Although it sounds a bit extreme, some populations from Papua New Guinea used human bone daggers only a century ago. These weapons are well-known for the intricate designs that were present on their handles, and were common not only for hunting, but also during ceremonies. After a close analysis of these daggers, researchers discovered they also had a social purpose.
The tribes had daggers made from two types of bone
Bone daggers were a pretty common weapon for the tribes living in Papua New Guinea. The basic material they used was cassowary thigh bone, a flightless bird common in the area. However, for a few others, these people used human bone. These bones had belonged to honored fighters who had lost their lives while in battle. Whenever these people died, their descendants could carve their bones into a dagger.
Researchers were baffled by this distinction, as they couldn’t tell why these people carved daggers from two different types of bone. To unravel the mystery, a team of scientists from Dartmouth College performed an analysis of 11 daggers made from different types of bones. Five of them were human bone daggers, while the other six were made of cassowary bone.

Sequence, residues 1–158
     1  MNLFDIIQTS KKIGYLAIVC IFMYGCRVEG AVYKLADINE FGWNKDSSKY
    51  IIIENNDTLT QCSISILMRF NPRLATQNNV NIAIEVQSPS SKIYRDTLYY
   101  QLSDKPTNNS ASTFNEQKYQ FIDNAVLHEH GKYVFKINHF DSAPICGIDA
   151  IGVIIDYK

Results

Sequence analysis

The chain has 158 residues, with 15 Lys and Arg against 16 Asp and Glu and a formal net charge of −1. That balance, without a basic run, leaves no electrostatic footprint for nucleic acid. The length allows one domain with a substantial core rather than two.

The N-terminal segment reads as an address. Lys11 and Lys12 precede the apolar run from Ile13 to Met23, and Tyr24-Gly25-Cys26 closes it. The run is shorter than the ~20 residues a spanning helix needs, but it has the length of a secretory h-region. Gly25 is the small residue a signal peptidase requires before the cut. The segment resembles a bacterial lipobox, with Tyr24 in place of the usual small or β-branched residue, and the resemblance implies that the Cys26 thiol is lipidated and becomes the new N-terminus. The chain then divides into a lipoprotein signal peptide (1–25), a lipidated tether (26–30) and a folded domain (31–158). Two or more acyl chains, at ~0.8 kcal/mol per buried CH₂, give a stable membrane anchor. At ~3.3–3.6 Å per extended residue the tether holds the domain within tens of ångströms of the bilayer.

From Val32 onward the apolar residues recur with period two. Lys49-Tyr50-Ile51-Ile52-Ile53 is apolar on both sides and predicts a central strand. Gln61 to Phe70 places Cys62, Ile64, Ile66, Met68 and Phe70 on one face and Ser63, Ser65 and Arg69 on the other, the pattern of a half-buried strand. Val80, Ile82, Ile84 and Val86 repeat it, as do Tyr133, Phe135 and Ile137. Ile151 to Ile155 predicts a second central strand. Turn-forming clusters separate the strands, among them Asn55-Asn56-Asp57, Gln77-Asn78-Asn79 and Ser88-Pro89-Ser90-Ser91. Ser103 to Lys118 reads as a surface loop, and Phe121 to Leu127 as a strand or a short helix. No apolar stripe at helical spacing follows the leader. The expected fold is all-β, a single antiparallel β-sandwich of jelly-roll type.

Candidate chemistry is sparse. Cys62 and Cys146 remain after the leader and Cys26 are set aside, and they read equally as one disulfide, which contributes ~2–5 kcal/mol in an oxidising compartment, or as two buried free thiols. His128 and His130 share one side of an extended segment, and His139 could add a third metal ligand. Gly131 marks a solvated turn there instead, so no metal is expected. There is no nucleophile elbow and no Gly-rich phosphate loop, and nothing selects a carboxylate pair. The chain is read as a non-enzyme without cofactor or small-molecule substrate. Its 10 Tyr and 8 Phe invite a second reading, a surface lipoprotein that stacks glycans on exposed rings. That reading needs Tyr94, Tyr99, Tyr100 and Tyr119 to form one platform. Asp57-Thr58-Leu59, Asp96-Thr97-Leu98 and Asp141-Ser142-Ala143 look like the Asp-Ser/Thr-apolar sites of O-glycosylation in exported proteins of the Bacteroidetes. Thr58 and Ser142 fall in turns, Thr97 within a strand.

The human bone daggers were an indicative of social status
Both types were more or less the same. However, the human bone daggers were a bit sturdier, and could better cope with bending. After running a few computer models and estimating the breaking point of each weapon, they came to the conclusion that human bone daggers were superior.
These properties weren’t necessarily a result of the superior properties of human bone. The design is responsible for this superiority, which could better cope with tension. Therefore, these people might have deliberately shaped the human bone daggers to be better. This could have been an attempt to preserve their symbolic meaning. Those people who owned such daggers wanted them to last longer, so they would show off and display their social prestige.
The study on these unique types of daggers has been published in the journal Royal Society Open Science.
Image source: Wikimedia Commons